After that, I could no longer look at my sweet-lipped honey without seeing bugs. I walked her home a few more times, but I would refuse to go into that apartment. She would get upset with me and cry. She would asked me  “if I was no longer interested in her.” or “Did you find someone else?”

She cried, and for weeks her family was angry with me. I could not tell her or her family the truth.  I could not tell them that her house filled with bugs grossed me out. Her family continually asked me why am I playing with her. But all I could say was, “Sorry.”

Copyright @2010 Gilberto González

To learn more about Gilberto, here is his story from MyLatinoVoice.

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January, 1954: Caguas, Puerto Rico

The wrinkled baseball card of Victor Pellot rested in the back pocket of Francisco Antonio Benítez’s Levis like a sacred relic in the Vatican. As he walked to the first row of Yldefonso Solá Morales Stadium with his father Don Octavio Benítez, Francisco Antonio’s heart pumped. Today, with 6,500 winter baseball fans drinking shots of local rum and munching on crispy plantain chips, he would meet the great Pellot, the flashy first baseman for the hometown Caguas Criollos and the future bonus baby of the Philadelphia Athletics.

To the Caguas locals, Pellot was their god, even though he had begun to use the name Vic Power on the mainland and some of the more radical nationalists started to call him Tío Tom. According to Pellot, he began to use Power (a variation of Pove, his mother’s maiden name) because when he played in the minor leagues of Quebec, the French-speaking fans would laugh at him. He first thought it was because of his black skin, but Pellot soon found out that his last name sounded a lot like plotte, French Canadian slang for vagina. So, on the mainland, he became Vic Power. In Caguas, he was still Victor Pellot. And every Caguas resident, from the whitest Spaniard to the darkest Africano, would cheer every time Pellot would slowly stroll to home plate, a 34-ounce Louisville Slugger slathered with pine tar and dirt in his Powerful hands.

“Did you know Pellot almost made the Yankees in 1951?” Don Octavio told his son, as they sat right behind the mesh net near home plate. “He would have been the first Negro Puerto Rican in the American League. They took Elston Howeard instead.”

Francisco Antonio loved when his father talked to him about baseball. Don Octavio, whose fortune had begun to grow once he sold his pool halls to a Caguas syndicate and had built a materials store in the city’s center, was frequently flying to New York to buy cloth in the Garment District. In between his negotiations with crusty Jews who made fun of his broken English and baggy suits, Don Octavio would take the subway to Yankee Stadium, the Polo Grounds, and Ebbets Field. In one week, he saw Mays, Robinson, Mantle, Snider, Ford, Irvin, and Berra. The white corporate Yankees were methodical, cold, passionless. The Giants and Dodgers reminded Don Octavio of the island’s winter league: aggressive, fancy, players jawing at each other in both Spanish and English. The Giants and Dodgers had more Negroes, and those Negroes played in the winter league.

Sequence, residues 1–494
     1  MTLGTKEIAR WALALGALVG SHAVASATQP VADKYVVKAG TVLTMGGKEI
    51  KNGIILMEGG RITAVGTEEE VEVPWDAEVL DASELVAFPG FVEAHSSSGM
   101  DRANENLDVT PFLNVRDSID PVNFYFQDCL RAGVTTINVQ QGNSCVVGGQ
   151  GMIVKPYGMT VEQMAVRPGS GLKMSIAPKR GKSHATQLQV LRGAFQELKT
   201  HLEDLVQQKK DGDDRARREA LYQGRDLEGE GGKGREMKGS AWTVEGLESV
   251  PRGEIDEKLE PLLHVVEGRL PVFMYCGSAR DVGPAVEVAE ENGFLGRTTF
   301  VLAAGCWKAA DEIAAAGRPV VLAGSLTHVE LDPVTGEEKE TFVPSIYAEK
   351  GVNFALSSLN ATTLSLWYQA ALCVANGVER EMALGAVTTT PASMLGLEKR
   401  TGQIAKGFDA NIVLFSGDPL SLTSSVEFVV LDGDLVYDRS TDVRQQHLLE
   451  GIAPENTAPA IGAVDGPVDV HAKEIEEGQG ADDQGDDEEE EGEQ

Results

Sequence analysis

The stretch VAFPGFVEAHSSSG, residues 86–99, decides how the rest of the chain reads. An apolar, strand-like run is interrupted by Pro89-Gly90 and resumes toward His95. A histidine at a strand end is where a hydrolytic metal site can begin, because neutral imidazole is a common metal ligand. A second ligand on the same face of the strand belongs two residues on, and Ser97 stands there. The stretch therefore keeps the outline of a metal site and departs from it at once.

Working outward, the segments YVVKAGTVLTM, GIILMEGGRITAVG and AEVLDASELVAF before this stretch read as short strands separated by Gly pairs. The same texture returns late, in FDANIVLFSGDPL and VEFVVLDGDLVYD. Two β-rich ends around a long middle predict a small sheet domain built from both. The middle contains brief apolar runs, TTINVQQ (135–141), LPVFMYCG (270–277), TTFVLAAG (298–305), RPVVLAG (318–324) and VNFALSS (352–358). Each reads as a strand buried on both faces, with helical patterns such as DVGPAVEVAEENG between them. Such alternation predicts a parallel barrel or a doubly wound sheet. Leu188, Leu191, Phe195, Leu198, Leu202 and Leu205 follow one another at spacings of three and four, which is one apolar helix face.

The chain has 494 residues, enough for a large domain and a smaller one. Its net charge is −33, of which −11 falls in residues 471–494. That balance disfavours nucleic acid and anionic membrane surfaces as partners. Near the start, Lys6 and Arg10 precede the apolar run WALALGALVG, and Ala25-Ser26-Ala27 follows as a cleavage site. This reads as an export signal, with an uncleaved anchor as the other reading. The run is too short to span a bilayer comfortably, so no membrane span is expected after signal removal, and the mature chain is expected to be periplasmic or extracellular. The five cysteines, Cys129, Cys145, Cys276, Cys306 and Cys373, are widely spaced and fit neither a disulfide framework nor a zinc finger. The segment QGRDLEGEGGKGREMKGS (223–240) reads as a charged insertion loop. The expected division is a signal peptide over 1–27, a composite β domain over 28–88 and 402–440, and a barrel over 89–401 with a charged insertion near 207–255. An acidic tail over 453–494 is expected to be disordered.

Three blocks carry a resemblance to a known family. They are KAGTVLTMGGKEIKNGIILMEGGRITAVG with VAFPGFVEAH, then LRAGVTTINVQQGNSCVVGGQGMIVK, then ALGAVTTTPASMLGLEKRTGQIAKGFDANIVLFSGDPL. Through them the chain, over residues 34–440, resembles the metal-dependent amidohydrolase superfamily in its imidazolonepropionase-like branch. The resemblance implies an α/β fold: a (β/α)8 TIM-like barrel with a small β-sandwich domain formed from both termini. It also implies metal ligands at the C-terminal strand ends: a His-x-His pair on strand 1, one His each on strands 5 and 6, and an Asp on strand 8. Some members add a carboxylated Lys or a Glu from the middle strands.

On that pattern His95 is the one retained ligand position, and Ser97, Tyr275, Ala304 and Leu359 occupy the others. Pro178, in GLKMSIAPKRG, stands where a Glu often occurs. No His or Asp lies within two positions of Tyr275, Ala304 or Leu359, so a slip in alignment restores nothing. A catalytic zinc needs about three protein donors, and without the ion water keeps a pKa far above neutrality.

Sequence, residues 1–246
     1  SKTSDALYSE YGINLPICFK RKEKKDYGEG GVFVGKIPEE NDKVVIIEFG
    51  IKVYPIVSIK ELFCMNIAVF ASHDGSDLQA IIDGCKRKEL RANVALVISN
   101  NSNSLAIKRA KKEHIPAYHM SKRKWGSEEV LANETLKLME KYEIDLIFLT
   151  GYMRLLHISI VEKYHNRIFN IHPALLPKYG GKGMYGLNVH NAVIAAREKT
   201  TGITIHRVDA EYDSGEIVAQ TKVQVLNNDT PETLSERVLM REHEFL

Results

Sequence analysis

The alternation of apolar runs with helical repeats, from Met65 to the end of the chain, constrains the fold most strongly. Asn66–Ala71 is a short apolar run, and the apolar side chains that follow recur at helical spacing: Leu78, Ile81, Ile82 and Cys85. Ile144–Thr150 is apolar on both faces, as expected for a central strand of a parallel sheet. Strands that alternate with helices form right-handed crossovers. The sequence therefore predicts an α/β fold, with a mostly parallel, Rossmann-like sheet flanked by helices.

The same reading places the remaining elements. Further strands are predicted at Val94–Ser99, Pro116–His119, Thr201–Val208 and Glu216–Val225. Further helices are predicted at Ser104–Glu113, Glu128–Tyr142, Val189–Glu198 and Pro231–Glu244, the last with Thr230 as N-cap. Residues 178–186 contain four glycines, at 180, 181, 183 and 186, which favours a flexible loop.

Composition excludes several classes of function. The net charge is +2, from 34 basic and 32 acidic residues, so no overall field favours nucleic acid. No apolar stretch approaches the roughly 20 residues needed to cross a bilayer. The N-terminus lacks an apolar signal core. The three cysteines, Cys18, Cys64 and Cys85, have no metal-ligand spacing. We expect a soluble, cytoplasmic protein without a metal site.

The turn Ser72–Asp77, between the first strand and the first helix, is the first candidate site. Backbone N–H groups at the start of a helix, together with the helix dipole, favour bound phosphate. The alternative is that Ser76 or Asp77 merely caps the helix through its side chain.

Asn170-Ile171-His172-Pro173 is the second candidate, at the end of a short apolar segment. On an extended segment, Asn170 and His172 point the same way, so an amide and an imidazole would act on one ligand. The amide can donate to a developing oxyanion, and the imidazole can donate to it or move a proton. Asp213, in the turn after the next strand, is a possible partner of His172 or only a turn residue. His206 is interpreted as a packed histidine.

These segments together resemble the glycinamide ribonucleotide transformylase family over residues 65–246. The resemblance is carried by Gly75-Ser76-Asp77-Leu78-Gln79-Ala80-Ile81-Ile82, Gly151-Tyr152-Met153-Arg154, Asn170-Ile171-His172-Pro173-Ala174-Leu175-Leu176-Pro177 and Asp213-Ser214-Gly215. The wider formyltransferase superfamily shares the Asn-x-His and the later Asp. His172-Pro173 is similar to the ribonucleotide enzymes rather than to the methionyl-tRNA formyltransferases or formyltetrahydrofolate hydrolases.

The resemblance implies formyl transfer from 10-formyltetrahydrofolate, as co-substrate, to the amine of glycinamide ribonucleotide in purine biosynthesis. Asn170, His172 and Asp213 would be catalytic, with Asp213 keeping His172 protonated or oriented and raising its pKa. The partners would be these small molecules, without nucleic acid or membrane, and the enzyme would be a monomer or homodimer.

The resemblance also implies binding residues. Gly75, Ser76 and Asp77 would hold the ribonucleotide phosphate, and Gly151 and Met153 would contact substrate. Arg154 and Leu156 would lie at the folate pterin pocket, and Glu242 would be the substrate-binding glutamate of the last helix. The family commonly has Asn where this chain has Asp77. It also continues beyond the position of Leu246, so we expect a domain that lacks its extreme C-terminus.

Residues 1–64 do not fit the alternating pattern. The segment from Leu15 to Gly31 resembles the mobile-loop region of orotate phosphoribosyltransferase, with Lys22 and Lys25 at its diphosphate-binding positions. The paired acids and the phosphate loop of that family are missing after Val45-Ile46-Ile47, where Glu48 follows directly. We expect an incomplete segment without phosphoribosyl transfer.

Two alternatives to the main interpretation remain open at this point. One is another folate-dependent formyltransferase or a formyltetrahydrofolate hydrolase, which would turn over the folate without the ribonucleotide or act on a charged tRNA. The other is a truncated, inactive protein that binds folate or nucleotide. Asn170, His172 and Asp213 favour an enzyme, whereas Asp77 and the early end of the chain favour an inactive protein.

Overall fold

“If you ever saw Mays, Francisco, you could die the next moment a happy man,” Don Octavio told his son. “Pellot is as black as Mays. But the difference between Pellot and Mays is that Pellot is Puerto Rican, Mays is a Negro. Did you ever hear the story of Pellot when he was in the South and walked into a restaurant in Missisippi after a game? The waitress said that they didn’t serve Negroes. Pellot told her not to worry, he didn’t eat Negroes, he just wanted rice and beans.”

Francisco Antonio laughed at his father’s stories, even the ones he told over and over again. Baseball, the game that came to Puerto Rico when American soldiers arrived in 1898 and never left, was what every island boy talked about with his island father.

“Do you think he will hit a grand slam, Papi?” Francisco Antonio asked. “That would be a lot of money.”

For the entire winter league, Don Octavio had been advertising a contest in the newspaper for his store: The first Criollo to hit a grand slam would win a $1,000 check, personally signed by Don Octavio. After 20 games, no one had even come close, not even Pellot. But when the slugger saw Don Octavio at mass earlier in the day, after asking for blessings from the older businessman, Pellot said he had prayed to God for the chance to hit a grand slam later in the game.